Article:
Saturday, July 9, 2016

Book review: Girl at War, by Sara Nović

During many of the Balkan wars, I used to be a very young journalist, with a serious history background, interested about politics, and covering foreign affairs. For many years, I constantly remained interested about this part of the world, including through many visits on the ground, temporary work for international projects and friendships I made. I was particularly interested in understanding the mechanisms of ignoring the fact that mass murders were taking place in the middle of a civilized continent. It happened once, but the proximity with those events made my intellectual investigation even more relevant. However, the international ADHD moved towards other horizons and I also got new interests, while forcing myself though of keeping an eye on the intellectual debates and political evolutions in the region.
The Girl at War brought me back to those glorious times of optimism when I was confident that I can bring a completely new and fresh interpretation of human everything. It is a story of the Croatian-Serbian war, through the eyes of the little Ana. How you can explain war to a child? How the former friends becoming enemies are seen through the chidren's eyes? A very anecdotic detail, such as a beard, receives different significance: 'I wanted to know what a beard had to do with being sad, why the Serbs had both the JNA and the Cetniks on their side and we only had the police force, but my mother set a knife and a bowl of unpelled potatoes in fron of me before I could bring it up'. War insidiously entered everyone's life, nowadays more throughout than before, due to the television and modern communication: 'As a side effect of modern warfare, we had the peculiar priviledge of watching the destruction of our country on television'.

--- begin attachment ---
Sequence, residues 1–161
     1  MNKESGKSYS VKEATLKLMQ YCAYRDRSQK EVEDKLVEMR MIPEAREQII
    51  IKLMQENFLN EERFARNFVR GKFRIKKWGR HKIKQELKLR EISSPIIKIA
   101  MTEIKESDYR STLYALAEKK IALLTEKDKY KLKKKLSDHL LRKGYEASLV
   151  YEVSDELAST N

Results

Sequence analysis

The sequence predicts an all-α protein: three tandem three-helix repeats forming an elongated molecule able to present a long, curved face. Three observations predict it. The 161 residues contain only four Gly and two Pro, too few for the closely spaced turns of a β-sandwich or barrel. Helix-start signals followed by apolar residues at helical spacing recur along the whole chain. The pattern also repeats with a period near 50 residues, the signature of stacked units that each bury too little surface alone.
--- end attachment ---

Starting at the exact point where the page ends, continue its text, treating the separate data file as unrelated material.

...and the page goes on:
The story takes a dramatic turn when Ana's parents are murdered by drunken Cetniks in a common grave, while returning from Sarajevo where the little Rahela was sent to America for treatment. Ana escapes and for the rest of the story she is trying to cope with the loss and her survival. She follows her sister in the States, being adopted and started anew everything. And she got a new family 'new, like I had traded one family for another in a used-car deal'. The 'new' life is the struggle to obstruct the old memories: 'The more I lied, the closer I came to fitting in. Sometimes I even believed myself. People assumed I was just bookish or shy, and I was, or had become so'. The present is a projection of the past and read through the keys from the past. The 4th of July celebrations, for instance, are a reminder of the bombings during the Serbian air raids and thus, a frightening experience not an enjoyement. 11/9 is a reminder of the tragic repetability of global drama.
Ana needs to come at terms with her past, so she returns to Croatia. The processs starts with her invitation to present her testimony as a former child soldier in the front of an UN gathering. From her personal relationship to the professional dreams, she takes a break, getting back to the country that stole her childhood and her parents. But there is also Luka, her childhood sweetheart, to whom she wrote many letters left unanswered. 
Their meeting, after so many years, is in my opinion the main downside of the book. It is like the author just wanted to introduce this episode in order to finish it as fast as possible. The last part of the story, in fact I enjoyed the least. The first three quarters of the book are very emotional and strong, while the end is far beyond expectations. Politically speaking, the book does not mention the Croatian war crimes of Gotovina. During such troubled times, the victim and the perpetrator can switch seats too fast. 
It is the merit of the book to bring back to the public attention those too-fast-forgotten wars. It investigates the impact on everyday life of traumatic memories and it is doing it by outlining the fine intrusions and reinterpretations and self defences. 
It is a book I enjoyed reading without interruption. It makes you take life and writing about life more seriously. 
Rating: 4 star book

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